Cancer Coalition

Running into a burning building isn’t the only major threat firefighters face. Men and women on the frontlines of America’s fire departments often are exposed to toxic smoke, asbestos and other chemicals and substances that may increase their cancer risk. As a result, these first
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Cancer in the fire service is our current reality, but we are beginning to better understand firefighters’ increased risks and cancer’s devastating toll. This in-depth article explores best practices in protecting ourselves, our crew members and our families from this work-related risk. https://blogs.cdc.gov/niosh-science-blog/2017/05/10/ff-cancer-facts/   [caption id="attachment_542778" align="aligncenter" width="445"]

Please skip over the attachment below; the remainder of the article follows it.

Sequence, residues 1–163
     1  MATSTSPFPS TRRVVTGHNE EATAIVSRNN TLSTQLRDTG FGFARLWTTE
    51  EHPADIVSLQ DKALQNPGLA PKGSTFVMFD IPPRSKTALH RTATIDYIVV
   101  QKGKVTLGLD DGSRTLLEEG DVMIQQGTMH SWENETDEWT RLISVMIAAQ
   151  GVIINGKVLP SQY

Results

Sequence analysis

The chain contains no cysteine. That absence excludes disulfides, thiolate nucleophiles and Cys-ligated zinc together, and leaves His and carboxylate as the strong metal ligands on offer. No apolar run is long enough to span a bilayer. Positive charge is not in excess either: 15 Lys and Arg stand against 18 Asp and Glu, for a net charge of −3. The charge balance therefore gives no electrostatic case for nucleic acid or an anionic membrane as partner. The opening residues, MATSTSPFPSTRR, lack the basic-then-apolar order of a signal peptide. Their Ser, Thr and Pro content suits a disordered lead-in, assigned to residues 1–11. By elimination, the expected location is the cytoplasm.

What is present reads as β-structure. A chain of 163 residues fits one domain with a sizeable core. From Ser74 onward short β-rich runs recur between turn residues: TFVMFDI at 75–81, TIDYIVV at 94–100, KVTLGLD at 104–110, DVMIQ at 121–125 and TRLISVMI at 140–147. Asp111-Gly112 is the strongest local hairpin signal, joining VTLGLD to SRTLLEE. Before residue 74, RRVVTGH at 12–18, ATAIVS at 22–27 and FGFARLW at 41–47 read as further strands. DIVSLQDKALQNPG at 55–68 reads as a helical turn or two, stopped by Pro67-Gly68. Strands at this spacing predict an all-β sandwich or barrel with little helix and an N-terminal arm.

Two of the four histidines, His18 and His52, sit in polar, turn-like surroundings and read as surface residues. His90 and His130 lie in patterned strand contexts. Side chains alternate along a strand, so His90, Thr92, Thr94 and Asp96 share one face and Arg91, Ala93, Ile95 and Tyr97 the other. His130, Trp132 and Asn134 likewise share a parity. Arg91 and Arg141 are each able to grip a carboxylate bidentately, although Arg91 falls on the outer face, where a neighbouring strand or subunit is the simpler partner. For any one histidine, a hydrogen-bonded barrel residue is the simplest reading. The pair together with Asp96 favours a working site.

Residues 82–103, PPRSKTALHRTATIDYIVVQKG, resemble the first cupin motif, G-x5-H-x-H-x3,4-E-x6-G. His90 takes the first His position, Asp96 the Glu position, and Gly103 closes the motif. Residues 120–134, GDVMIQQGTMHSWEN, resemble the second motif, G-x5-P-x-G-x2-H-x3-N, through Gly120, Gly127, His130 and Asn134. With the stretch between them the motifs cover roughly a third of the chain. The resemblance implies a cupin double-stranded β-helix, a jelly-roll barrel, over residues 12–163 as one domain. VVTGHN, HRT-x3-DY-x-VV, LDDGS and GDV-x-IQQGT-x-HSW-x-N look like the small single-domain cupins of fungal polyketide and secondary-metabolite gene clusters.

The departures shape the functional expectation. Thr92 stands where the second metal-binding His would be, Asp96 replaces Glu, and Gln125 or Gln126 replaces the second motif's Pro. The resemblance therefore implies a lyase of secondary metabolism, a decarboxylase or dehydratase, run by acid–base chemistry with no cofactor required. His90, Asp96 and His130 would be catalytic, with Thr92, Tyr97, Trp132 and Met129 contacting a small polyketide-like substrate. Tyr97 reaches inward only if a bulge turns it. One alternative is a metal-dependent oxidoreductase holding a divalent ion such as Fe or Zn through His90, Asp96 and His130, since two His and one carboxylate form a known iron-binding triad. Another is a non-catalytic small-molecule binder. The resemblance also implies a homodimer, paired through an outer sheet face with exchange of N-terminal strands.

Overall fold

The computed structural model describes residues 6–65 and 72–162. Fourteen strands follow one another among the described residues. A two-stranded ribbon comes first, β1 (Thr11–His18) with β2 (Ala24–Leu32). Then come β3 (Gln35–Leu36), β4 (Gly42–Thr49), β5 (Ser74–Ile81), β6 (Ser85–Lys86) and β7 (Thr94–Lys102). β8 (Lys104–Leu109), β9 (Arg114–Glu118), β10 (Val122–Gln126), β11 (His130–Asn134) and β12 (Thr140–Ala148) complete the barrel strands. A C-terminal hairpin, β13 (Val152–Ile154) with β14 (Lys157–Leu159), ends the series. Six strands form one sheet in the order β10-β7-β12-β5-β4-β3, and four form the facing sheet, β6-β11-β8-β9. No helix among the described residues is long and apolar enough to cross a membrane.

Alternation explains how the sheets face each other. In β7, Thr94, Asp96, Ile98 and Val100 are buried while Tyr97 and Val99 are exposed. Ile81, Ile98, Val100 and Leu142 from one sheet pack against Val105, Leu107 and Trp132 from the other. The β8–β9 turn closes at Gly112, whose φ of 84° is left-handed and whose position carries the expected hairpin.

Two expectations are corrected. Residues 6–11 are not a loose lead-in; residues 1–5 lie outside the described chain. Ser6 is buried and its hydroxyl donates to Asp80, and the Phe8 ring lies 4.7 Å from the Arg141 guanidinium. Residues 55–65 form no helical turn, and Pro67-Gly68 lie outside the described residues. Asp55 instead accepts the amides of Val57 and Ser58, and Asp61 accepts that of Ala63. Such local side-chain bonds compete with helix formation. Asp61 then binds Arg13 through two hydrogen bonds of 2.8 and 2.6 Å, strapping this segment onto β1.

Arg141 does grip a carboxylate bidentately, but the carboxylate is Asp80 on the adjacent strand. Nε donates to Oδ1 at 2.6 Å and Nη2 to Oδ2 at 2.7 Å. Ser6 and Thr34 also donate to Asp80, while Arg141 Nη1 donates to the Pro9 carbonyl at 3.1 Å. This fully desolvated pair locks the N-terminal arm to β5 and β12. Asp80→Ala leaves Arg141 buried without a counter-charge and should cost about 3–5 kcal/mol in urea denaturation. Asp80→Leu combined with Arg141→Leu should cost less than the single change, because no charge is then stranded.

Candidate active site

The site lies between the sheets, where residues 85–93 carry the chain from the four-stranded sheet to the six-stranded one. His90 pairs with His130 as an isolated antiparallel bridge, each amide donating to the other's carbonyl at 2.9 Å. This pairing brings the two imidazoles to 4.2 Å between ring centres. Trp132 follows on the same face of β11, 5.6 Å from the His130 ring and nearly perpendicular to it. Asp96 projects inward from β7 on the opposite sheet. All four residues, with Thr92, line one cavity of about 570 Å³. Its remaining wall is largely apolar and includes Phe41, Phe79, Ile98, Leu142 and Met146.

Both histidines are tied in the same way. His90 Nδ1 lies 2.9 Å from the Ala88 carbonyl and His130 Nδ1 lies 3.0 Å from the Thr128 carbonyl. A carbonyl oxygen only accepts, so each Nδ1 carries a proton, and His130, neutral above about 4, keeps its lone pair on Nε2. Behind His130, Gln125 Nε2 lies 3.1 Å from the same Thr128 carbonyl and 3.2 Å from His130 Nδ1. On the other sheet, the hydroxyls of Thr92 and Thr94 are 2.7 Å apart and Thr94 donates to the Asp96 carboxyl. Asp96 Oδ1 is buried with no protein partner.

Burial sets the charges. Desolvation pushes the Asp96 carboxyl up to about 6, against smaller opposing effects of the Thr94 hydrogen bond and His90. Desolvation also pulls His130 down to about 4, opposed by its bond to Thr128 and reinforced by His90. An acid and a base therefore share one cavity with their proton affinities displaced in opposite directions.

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Firefighters work in uncontrolled environments. They are exposed to hazards at high levels for varying lengths of time, unlike most other occupations. https://www.iaff.org/wp-content/uploads/FFCancer_CarcinogenicExposures.pdf   [caption id="attachment_542775" align="aligncenter" width="491"] Source: Iaff / Firefighter Cancer Support Network[/caption]  
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The first week of the Firefighter Cancer Awareness Month addresses why cancer is the number-one line-of-duty death in the fire service. Additionally, the content defines cancer, explains the scope of occupational cancer in the fire service and identifies carcinogens, occupational exposures and other chemicals found
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The South Carolina Firefighter Cancer Coalition is launching a webpage and initiative to keep the South Carolina Fire Service informed about firefighter cancer, “Firefighters and Cancer: What you need to Know.”  The SC Firefighter Cancer Coalition (Coalition), a group of seven fire service agencies to construct
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